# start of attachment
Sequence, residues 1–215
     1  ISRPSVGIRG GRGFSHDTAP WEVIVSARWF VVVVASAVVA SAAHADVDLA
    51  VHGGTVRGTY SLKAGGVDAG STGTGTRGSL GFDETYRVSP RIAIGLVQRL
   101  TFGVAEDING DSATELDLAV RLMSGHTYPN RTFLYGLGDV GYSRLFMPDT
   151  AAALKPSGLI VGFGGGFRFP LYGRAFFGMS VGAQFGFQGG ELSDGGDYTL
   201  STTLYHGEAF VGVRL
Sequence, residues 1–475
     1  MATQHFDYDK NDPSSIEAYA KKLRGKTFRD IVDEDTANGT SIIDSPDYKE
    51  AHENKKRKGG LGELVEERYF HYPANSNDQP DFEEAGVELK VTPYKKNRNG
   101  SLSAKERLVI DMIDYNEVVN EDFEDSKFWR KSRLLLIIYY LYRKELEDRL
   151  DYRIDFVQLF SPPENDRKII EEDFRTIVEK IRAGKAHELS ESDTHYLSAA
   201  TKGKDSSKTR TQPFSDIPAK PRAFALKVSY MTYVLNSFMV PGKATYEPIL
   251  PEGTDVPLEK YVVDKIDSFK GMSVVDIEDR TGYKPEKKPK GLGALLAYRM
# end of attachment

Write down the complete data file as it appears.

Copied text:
Sequence, residues 1–215
     1  ISRPSVGIRG GRGFSHDTAP WEVIVSARWF VVVVASAVVA SAAHADVDLA
    51  VHGGTVRGTY SLKAGGVDAG STGTGTRGSL GFDETYRVSP RIAIGLVQRL
   101  TFGVAEDING DSATELDLAV RLMSGHTYPN RTFLYGLGDV GYSRLFMPDT
   151  AAALKPSGLI VGFGGGFRFP LYGRAFFGMS VGAQFGFQGG ELSDGGDYTL
   201  STTLYHGEAF VGVRL
Sequence, residues 1–475
     1  MATQHFDYDK NDPSSIEAYA KKLRGKTFRD IVDEDTANGT SIIDSPDYKE
    51  AHENKKRKGG LGELVEERYF HYPANSNDQP DFEEAGVELK VTPYKKNRNG
   101  SLSAKERLVI DMIDYNEVVN EDFEDSKFWR KSRLLLIIYY LYRKELEDRL
   151  DYRIDFVQLF SPPENDRKII EEDFRTIVEK IRAGKAHELS ESDTHYLSAA
   201  TKGKDSSKTR TQPFSDIPAK PRAFALKVSY MTYVLNSFMV PGKATYEPIL
   251  PEGTDVPLEK YVVDKIDSFK GMSVVDIEDR TGYKPEKKPK GLGALLAYRM